If you’re carrying a balance on your credit card, even a small one, you’re paying interest. But if you understand how credit card interest works, you can avoid the most common pitfalls and behaviors that get many borrowers into financial trouble.
Simply put, your credit card’s APR (annual percentage rate) is either a fixed or variable the rate a lender charges you to borrow money over a one-year period. A fixed APR is set by your lender and does not fluctuate with the market. There are certain circumstances that can still cause a fixed APR to rise—such as being over 60 days late on a credit card payment or reaching the end of a promotional rate—but in general it stays the same throughout the life of your card.
A variable APR, on the other hand, is tied to an industry index such as the Wall Street Journal Prime Rate and is subject to the fluctuations of the market. Lenders nationwide use the prime rate as a benchmark for determining the range of variable APRs they’ll offer borrowers. Typically, banks and lenders start with the prime rate as the base rate, then add a margin in order to profit from the loan.
With both fixed and variable APRs, the best rates are offered to borrowers with good-to-excellent credit. The better your credit, the less you’ll wind up paying in interest fees if you habitually carry a balance.
How to calculate interest on a credit card
Although your APR is a measure of your annual interest rate, your interest is actually charged on a daily basis as your “daily periodic rate.” Why is this important? Because it means that when it comes to your interest charges, every day counts.
You can use your daily periodic rate to calculate just how much these daily interest charges are costing you. To get your daily periodic rate, divide your APR by the number of days in a year (365). For example, if your APR is 20%, you’d divide 0.20 by 365 to get .00054%. Next, multiply your daily periodic rate by your credit card balance at the end of any given day. Say your end balance is $1,500. You’d multiply that number by .00054% to get $0.82. So with a 20% APR and an average daily balance of $1,500, you’re paying $0.82 in interest every single day.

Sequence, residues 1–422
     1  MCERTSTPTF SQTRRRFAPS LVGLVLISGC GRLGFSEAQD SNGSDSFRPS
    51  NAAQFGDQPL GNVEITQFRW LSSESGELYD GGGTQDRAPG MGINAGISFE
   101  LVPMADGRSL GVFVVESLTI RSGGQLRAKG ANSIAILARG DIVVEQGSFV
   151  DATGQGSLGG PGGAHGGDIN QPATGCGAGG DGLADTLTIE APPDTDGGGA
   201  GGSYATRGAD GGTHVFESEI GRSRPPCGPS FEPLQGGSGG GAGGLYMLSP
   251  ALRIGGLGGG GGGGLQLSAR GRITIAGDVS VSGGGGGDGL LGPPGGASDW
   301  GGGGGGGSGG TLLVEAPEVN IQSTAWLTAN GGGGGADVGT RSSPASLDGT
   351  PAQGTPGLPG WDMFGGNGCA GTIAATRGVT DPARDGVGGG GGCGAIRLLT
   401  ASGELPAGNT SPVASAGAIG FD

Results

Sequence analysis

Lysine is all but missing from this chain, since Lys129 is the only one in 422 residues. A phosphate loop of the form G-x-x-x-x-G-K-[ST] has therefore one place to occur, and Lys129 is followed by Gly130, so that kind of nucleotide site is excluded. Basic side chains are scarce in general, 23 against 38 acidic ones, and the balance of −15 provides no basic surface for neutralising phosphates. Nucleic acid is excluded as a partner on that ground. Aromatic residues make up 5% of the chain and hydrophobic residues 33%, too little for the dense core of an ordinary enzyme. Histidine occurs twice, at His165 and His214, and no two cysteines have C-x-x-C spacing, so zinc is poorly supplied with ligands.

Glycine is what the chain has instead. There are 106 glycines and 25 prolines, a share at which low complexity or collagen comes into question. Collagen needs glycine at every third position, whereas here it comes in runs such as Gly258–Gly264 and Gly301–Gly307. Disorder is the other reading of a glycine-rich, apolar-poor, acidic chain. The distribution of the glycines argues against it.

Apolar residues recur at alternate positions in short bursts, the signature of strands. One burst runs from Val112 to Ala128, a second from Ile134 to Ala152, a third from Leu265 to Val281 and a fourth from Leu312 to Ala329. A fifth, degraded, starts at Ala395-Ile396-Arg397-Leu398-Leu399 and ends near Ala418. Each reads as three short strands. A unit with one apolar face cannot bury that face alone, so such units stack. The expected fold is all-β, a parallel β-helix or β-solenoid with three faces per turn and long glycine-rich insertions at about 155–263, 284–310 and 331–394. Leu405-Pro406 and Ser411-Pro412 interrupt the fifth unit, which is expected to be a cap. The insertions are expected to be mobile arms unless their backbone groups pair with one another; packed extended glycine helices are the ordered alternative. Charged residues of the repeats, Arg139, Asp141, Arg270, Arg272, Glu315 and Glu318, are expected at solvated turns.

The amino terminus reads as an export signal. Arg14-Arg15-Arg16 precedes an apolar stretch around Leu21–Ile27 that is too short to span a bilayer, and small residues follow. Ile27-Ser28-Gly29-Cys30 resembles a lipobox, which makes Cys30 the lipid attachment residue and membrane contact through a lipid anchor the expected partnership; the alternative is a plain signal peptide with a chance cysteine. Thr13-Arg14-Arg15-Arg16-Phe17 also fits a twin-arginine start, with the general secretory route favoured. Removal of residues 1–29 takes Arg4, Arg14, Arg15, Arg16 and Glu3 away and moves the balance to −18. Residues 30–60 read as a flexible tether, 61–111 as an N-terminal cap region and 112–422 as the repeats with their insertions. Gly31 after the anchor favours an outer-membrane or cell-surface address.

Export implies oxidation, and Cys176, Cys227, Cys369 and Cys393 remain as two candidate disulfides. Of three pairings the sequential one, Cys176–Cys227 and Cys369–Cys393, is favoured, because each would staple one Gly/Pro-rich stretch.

Did your daily interest charges come as an unpleasant surprise? If so, you’re not alone. It can be quite sobering to realize how much you’re paying in interest fees, but it can also serve as a wake up call. If your daily interest charges just gave you sticker shock, now is a good a time to start developing healthier credit card habits. We’ll let you in on a few tricks that can help you along the way.
Grace periods and bi-monthly payments: Your secret weapons
For the savviest of credit card users, APRs are a non-issue. This is because they take advantage of what’s known as the “grace period.” “The grace period is the gap between the end of your credit card’s billing cycle and the date your payment is due,” says Deb Hipp, a financial writer for Credit Karma. “With most credit cards, if you pay your balance in full and have no cash advances outstanding, you won’t be charged interest on new purchases you make during this interval.” Most credit cards offer a grace period of 21-days, but check your cardholder agreement to make sure your card issuer offers one. Some issuers offer shorter periods, and some don’t offer them at all.
Of course, taking advantage of your credit card’s grace period only works if you pay off your balance each month. If you tend to carry a balance, here’s another trick to help you pay down your debt faster: bi-weekly payments. There are some key advantages to making a payment toward your credit card every two weeks instead of only on your monthly due date. For starters, you’re sneaking in an extra payment each year. Since there are 52 weeks in a year, you’re making 26 half-payments, or 13 full payments. That’s one more payment per year than the 12 you make when you only pay on your due date.
Another advantage is that it lowers your average daily credit card balance, which we’ve already learned has a huge impact on your daily interest rate. The lower your daily balance, the lower your interest fees.
And finally, bi-weekly payments can help even out your cash flow. “[C]ash flow isn’t always steady, and extra cash is either hard to find or too easy to throw towards unnecessary purchases,” says financial writer and blogger Kayla Albert. “By stabilizing your bill payments and keeping expenditures the same for each paycheck, you can get a better grasp on exactly where your money is going and how much is actually expendable (if any).”
One more thing
Forget the so-called common wisdom that you need to carry a balance in order to build credit—it’s a myth. If you can’t pay off your entire balance each month, try to pay as much as you can above the minimum balance so you can reduce the overall balance you’re paying interest on. If you’re only paying the minimum balance, you’re basically paying interest and a tiny amount of your balance. Of course, it’s always better to pay the minimum amount rather than skip a payment altogether. Missed payments lead to late fees and can cause major damage to your credit score.